Older Brother 1 (information technology, big energy company) There is nothing worse than a woman supervisor with kids, because she has no time to take care of herself and she is stressed to the point of being almost impossible to work with.
Older Brother 2 (aeronautical engineering, government) Women in the office simply don't work as hard as the men. In general, women get the same or better pay and privileges for less work.
Not saying they are right or wrong, just saying that there are other perspectives on this.
Housework? Mr. Turtle and I share well. I have higher standards of cleanliness/organization than he does, true. I knew this when I married him. It sometimes means I do more around the house than he does. On the other hand, I'm glad Mr. Turtle is more relaxed about order and cleanliness because it balances out my occasionally neurotic tendencies. His refusal to prioritize that kind of activity helps me to put it into perspective and just chill out sometimes. Do we envision ourselves both as involved parents? Absolutely. Do we totally understand how that will look right now? No. Are we happy after 3 years of marriage. Absolutely. I tease him about the clothes on the floor. Do I want a life without Mr. Turtle and his pile of clothes on the floor? No. I would never never choose that. My heart would fragment into a million tiny painful shards.
Bottom line on the "war between the sexes" / war over housework, whatever? We choose who we marry. We choose how we treat each other. People are adults and have to figure this out. You find what you look for. Women who think men are lazy slobs will find lazy slobs. Men who think women are selfish primping bitches will find selfish primping bitches. Maybe we're crazy, but Mr. Turtle and I have better things to do that fling venom and shit at each other. Like cook dinner together, cuddle, clean the house (sometimes), work, talk about work, sleep, make love, love our family and friends, and oh yeah, get ready for IVF. Heh.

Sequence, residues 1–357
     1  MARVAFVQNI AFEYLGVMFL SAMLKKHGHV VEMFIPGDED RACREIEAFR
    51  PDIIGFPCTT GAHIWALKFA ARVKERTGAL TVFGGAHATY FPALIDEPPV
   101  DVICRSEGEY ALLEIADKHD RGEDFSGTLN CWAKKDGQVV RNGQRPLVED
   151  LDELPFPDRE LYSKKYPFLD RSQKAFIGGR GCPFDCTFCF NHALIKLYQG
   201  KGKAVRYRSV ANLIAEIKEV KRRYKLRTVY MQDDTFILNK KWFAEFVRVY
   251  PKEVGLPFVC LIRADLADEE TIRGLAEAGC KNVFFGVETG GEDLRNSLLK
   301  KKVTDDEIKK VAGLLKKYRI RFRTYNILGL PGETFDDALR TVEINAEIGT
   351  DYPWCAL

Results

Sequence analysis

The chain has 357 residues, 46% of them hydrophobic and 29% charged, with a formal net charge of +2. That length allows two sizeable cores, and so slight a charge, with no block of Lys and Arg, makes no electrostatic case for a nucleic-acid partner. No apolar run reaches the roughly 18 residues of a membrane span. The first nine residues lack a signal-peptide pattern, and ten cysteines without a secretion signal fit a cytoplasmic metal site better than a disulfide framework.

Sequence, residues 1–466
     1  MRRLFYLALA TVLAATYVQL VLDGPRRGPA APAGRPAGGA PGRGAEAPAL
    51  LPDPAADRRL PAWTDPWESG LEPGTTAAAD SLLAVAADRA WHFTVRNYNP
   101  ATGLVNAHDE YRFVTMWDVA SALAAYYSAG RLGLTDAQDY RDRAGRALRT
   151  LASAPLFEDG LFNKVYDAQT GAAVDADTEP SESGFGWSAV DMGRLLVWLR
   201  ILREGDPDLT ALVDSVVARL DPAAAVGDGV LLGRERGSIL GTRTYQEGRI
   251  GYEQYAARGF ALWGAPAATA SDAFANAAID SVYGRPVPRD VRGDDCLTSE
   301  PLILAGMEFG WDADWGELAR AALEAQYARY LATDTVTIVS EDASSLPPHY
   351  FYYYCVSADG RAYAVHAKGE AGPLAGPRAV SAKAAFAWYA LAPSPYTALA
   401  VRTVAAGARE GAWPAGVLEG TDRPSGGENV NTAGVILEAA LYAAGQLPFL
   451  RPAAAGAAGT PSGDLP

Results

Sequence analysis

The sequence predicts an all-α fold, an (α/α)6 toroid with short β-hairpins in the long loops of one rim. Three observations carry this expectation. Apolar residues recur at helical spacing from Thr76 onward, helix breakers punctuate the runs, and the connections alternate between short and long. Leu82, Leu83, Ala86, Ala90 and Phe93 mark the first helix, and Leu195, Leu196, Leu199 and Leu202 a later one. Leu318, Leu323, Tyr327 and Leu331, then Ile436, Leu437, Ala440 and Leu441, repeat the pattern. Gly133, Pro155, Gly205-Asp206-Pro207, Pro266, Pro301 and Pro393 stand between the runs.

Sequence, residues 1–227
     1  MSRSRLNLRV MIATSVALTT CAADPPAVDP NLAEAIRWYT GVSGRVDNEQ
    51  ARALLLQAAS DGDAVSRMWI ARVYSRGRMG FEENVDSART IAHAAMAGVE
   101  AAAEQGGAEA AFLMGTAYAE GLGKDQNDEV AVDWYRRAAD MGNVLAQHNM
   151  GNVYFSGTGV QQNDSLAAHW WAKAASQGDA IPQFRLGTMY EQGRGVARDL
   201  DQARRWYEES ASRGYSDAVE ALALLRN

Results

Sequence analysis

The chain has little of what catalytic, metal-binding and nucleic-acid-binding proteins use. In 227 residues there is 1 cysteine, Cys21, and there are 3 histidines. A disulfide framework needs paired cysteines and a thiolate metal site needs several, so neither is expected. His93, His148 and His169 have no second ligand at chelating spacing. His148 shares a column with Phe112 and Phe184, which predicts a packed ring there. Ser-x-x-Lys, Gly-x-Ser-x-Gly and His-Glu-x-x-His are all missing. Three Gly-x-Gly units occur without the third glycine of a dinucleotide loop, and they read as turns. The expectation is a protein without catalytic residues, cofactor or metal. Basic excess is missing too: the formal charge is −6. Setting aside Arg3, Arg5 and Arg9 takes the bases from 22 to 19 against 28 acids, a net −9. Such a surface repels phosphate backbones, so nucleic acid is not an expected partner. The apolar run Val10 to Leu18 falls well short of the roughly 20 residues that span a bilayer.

So how have I done at resolving the question of Can You Have It All? Still unresolved? OOOOh-kay. I kind of thought that's how it would be. Feel free to leave your opinions. Thanks again Fallopian Groove for making virtual room for this discussion.
Update: A friend posted this article to her Facebook page. While not about men or women specifically, it makes some good points. How To Do Less and Live More
Signing off, the Turtle.